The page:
The judgement of the Presidential Election Petition Court (PEPC) delivered on Wednesday, September 6, 2023, elicited mixed reactions from the public and the parties involved. To the petitioners, the judgement fell far short of expectations. But to the respondents, it was a good judgement. Whatever be the case, the most important thing is for Nigerians to fashion out a system whereby our electoral processes will instill confidence in people and minimise the resort to the judiciary which has continued to receive negative perception about its role in our quest for a genuine democracy.
The fear that justice might not be served in the case engendered the campaign to monitor the judiciary in some quarters. The campaigners mounted billboards in strategic locations in Abuja and elsewhere with the caption, “All eyes on the judiciary.” The billboards were eventually pulled down and some of those responsible for approving the adverts were sanctioned.
The questions are: was justice served? Did the judges adhere to their submission before the commencement of the hearing in May, that technicalities would not be tolerated in the case? The presiding judge, Justice Haruna Tsammani, had urged lawyers representing all the petitioners to avoid time-wasting tactics and unnecessary technicalities. “Let us co-operate with each other so that everyone will be satisfied that justice has been done,” he said.
The issue of technicality and justice is a bit contentious. With what happened on Wednesday, the respondents and some legal experts believe that justice was served in the petitions. This school of thought believes that the judgement, which dismissed the petitions of the petitioners and upheld the victory of President Bola Tinubu at the polls, is in consonance with the principles of law which govern electoral litigation in Nigeria.
But, not a few people believe that justice was not served on the matter. The petitioners, for instance, believe that the learned justices appeared to have relied heavily on technicality in arriving at their judgement. For instance, they said the judges in arriving at their decision on irregularities observed on the election day, contended that the only way to prove over-voting was at the polling units. They are not also happy that the judges dismissed the report of the EU Election Observation Mission (EU-EOM) because of the process through which it was tendered rather than looking at the merit of the report. They cited many other issues which they believe were resolved on mere technicality than justice.
As divergent as the views on the judgement are, it is important to note that the petitioners have another window to appeal their case, which is the Supreme Court. Already, the presidential candidates of the Peoples Democratic Party (PDP), Atiku Abubakar, and the Labour Party (LP), Mr. Peter Obi, who expressed disappointment over the ruling, have expressed their intention to challenge the judgement at the Supreme Court.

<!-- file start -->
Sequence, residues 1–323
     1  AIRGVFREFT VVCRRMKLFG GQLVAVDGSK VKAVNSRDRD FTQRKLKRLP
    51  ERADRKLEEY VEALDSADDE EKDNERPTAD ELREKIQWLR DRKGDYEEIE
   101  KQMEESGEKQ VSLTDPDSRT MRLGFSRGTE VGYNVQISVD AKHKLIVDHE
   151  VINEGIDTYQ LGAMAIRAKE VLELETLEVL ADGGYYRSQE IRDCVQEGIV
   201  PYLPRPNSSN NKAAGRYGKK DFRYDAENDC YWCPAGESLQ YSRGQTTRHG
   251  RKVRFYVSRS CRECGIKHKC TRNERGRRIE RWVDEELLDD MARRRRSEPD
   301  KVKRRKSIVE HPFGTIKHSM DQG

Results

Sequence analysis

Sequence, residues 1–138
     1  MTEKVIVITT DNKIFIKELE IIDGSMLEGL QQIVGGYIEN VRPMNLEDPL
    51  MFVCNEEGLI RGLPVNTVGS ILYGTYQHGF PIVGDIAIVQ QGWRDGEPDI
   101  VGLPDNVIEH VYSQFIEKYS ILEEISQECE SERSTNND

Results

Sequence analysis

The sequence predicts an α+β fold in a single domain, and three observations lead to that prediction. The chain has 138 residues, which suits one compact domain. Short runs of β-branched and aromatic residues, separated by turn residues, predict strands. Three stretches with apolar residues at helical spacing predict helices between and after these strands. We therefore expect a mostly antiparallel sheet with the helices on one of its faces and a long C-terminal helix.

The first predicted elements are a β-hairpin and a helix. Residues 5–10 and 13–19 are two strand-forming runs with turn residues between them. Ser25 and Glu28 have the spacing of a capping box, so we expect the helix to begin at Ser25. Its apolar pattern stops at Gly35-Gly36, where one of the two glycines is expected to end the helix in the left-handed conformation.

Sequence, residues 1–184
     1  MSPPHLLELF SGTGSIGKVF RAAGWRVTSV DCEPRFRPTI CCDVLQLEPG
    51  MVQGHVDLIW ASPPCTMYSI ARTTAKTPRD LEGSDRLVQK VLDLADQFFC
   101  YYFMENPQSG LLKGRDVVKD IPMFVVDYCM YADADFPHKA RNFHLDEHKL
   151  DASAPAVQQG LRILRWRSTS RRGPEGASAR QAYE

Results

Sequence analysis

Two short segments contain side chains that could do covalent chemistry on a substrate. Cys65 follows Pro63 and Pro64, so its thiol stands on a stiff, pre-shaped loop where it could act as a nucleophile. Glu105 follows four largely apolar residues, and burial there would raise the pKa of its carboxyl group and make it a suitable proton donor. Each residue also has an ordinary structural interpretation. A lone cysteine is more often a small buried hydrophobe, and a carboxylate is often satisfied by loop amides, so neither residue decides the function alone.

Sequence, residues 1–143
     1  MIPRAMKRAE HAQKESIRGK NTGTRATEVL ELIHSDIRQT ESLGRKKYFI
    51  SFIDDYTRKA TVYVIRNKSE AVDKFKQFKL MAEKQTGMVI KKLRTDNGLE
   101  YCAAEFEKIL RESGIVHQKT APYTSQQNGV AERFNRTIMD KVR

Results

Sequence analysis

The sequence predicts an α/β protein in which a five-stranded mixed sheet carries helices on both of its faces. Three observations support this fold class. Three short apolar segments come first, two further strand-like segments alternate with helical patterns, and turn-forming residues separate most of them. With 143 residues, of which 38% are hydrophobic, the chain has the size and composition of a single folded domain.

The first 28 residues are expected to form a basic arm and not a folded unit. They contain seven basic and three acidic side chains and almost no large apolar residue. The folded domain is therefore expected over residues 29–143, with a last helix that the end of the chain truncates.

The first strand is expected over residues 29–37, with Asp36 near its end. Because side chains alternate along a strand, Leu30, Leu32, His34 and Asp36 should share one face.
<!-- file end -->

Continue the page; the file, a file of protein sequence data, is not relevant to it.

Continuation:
This is the best way to go. Injustice or perception of it during and after our elections had led to serious bloodshed in the past. In this particular case, aggrieved candidates and their supporters have conducted themselves peacefully. We urge that they continue to do so no matter the final outcome of the case at the Supreme Court. Nigeria remains our country and we must do everything possible to make the system work.
Going forward, we recommend that we embark on serious reforms of our electoral and political systems. A situation where the winners are sworn in even before election petitions are dispensed with does not augur well for our democracy. In Nigeria, it is difficult to dislodge an incumbent in power. Knowing that our judiciary is not fully independent, it will be foolhardy to expect the judges to perform magic when the executive arm has some powers over them. We need to change our electoral laws to reflect that all litigations must end before the swearing in of winners in any election.
Democracy is in peril in many African countries and we must do everything possible to guard our own jealously. In recent times, there have been upsurge in coups in some African countries. Poor leadership and defective democracy are some of the reasons given for these military interventions. Soldiers hinged their latest coup in Gabon on flawed elections. Nigeria has gone through that path before. It cannot return to it. Therefore, it is incumbent on the politicians and their supporters to do things that will only bring peace and unity in the country. As for the judiciary, we advise that justice must be uppermost in their judgements. We need to put the past behind us and move forward as a nation.
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